(From the Doctoral Thesis of Caspar Friedrich Wolff, submitted in 1759 to the University of Halle, Germany, in Latin; the German version is of 1812). Places and times may have strange associations: shortly after this German version was published in Leipzig there was the great defeat of Napoleon at the “Battle of the Nations” ... in Leipzig).

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  • These two mottos represent two extremely different lines of thought. In the Chinese motto, the tips of the branches and roots were used as metaphors. It was probably intended to bring up two issues. One is that the entities should be studied thoroughly, from the roots to branch tips. The other issue is that a thorough knowledge can lead a person to the WAY. The Way has several meanings. Kung fu-Tze (Confucius) meant by Way morality and value. The Way can also mean all the events happening between the first step and the final goal.

    In the German motto, from Caspar Friedrich Wolff, the plant is not a metaphor. It serves as an example of an approach to understand the development of organisms. Wolff was a pioneer in this approach, although he was ignored in the recent literature on plant develop- ment. This literature cites the claim of Goethe that floral members are leaves that underwent metamorphosis. Goethe’s claim was made sev- eral years after the statement of Wolff.

    This book aims to serve to bridge the gap between the metaphoric approach of Da Xue and the “down-to-earth” approach of Wolff. I shall attempt to update a wide range of readers on what we know about the processes that regulate the formation of patterns in plants. I shall also indicate clearly what is not yet known. By “plants” I mean angiosperm plants. Other, lower plants, will be mentioned only rarely. The deliberations will be on different levels of complexity, such as single cells, meristems, tissues and plant organs (e.g. roots, shoots, floral members). Wherever applicable the use of methodolo- gies such as genetics, molecular biology and structural analyses will be described, and I shall attempt to show how the application of these methodologies led to additional knowledge on the control of plant patterning.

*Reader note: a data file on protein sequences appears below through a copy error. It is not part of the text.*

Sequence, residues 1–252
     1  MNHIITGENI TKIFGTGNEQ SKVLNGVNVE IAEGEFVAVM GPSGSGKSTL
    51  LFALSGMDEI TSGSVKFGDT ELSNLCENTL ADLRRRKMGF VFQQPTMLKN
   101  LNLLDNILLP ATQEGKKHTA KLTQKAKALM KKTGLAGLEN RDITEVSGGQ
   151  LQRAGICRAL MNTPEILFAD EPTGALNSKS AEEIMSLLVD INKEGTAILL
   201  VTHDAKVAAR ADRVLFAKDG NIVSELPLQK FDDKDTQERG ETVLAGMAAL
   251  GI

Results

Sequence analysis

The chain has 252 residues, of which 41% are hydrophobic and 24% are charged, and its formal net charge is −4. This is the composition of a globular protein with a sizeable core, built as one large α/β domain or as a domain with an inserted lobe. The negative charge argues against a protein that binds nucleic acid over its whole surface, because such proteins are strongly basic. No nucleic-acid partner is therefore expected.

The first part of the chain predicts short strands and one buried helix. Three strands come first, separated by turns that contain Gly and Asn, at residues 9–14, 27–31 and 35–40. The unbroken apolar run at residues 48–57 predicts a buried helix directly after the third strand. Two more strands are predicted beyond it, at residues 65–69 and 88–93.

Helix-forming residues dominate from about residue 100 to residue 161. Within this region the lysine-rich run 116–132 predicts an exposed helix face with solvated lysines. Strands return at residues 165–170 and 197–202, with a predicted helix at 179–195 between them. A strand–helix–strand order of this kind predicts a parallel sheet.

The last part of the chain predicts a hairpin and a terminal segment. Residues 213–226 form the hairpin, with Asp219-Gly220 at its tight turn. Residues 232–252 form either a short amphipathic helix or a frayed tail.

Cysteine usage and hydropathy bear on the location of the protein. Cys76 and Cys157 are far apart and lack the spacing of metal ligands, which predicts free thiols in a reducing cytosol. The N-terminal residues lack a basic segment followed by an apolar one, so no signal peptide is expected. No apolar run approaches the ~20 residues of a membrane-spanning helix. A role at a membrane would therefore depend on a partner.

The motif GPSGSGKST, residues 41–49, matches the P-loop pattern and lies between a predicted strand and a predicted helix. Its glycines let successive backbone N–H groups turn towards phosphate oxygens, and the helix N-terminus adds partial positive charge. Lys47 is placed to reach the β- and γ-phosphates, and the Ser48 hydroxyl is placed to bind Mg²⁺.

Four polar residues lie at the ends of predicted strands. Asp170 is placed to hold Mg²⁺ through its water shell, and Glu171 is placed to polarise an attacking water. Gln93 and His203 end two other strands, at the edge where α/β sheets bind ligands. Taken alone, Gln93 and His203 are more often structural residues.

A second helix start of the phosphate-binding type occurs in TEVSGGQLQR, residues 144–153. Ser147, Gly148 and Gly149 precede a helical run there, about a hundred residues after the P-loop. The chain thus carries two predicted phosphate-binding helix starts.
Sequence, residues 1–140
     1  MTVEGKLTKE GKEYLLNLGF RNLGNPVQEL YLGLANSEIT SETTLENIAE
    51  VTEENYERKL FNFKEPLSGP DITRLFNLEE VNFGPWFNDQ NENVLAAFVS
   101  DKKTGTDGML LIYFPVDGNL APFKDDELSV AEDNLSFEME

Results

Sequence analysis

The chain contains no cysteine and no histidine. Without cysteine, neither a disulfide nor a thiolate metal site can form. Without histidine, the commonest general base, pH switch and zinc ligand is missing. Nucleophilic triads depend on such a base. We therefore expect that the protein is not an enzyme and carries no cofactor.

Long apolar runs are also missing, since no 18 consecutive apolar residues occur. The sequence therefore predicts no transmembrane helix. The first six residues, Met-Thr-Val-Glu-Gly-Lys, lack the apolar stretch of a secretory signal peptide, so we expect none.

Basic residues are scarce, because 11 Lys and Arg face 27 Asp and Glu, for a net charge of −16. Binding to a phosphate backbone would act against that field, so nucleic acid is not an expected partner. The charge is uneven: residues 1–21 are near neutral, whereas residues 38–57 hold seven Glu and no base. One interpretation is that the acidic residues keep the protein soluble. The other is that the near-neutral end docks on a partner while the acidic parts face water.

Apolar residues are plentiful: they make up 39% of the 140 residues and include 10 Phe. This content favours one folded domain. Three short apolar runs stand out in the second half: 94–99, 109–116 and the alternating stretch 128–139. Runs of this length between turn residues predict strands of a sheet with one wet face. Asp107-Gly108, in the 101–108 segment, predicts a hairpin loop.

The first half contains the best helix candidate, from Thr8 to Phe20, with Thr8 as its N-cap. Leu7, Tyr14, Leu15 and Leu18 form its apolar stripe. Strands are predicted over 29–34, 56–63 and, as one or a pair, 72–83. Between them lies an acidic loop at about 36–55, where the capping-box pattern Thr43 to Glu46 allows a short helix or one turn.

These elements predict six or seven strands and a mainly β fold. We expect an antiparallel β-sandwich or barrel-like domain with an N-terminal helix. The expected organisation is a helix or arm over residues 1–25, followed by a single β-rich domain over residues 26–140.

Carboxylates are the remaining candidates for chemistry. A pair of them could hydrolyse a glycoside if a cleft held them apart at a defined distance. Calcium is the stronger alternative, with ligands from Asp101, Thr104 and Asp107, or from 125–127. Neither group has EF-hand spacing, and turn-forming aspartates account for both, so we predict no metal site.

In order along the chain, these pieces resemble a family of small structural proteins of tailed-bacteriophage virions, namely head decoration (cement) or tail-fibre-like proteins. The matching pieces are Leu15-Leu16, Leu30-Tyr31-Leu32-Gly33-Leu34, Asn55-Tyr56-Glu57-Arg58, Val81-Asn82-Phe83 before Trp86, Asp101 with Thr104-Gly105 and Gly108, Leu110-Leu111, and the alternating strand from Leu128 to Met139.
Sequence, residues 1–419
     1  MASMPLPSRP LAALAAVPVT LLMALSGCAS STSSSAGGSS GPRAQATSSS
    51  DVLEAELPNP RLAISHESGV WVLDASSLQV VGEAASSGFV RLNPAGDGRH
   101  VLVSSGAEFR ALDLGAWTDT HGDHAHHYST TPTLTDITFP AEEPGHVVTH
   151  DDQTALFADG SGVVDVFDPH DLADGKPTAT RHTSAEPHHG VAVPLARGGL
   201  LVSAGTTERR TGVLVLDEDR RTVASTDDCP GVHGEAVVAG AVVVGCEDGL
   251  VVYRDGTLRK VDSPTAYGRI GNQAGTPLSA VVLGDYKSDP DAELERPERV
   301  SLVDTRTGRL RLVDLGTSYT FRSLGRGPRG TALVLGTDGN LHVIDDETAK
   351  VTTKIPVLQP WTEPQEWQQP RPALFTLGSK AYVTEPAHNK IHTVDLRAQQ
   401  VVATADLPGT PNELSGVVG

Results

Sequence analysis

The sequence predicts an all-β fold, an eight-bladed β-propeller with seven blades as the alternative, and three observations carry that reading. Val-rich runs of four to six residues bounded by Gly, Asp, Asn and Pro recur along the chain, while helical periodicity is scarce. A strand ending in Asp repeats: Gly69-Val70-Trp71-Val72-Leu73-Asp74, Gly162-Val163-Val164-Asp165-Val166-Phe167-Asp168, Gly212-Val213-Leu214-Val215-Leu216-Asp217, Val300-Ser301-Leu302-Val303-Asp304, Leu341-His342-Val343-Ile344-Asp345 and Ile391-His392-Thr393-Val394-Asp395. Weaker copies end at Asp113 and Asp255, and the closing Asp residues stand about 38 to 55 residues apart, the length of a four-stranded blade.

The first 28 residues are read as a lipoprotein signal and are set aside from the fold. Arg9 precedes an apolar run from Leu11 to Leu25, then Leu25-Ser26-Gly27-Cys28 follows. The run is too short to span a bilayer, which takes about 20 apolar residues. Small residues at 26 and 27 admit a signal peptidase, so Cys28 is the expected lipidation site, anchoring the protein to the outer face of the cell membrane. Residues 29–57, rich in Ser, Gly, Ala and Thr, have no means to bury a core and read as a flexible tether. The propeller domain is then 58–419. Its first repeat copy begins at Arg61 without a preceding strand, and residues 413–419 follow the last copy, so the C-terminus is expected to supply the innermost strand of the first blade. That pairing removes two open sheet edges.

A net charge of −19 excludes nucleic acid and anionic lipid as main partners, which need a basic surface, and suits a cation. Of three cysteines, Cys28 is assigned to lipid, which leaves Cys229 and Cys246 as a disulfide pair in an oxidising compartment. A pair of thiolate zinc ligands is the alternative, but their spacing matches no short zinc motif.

As with my previous books (Galun and Breiman, 1997; Galun and Galun, 2001; Galun, 2003; Galun, 2005a) the present book is aimed at a wide range of readers. Basic knowledge of plant biology, genetics and molecular biology should be helpful for the readers. However, where required, the various studies on patterning and the method- ologies that were used in these studies, will be introduced and explained. Thus, the book should be of interest and useful for the novice in molecular developmental biology as well.

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  • Because the book is comprehensive with respect to its topics (dealing with different plant components), scholars who are engaged in the study of specific aspects of plant differentiation, may benefit from the overall view of the present book. On the other hand, this book should also be useful as a companion-text for courses on plant development.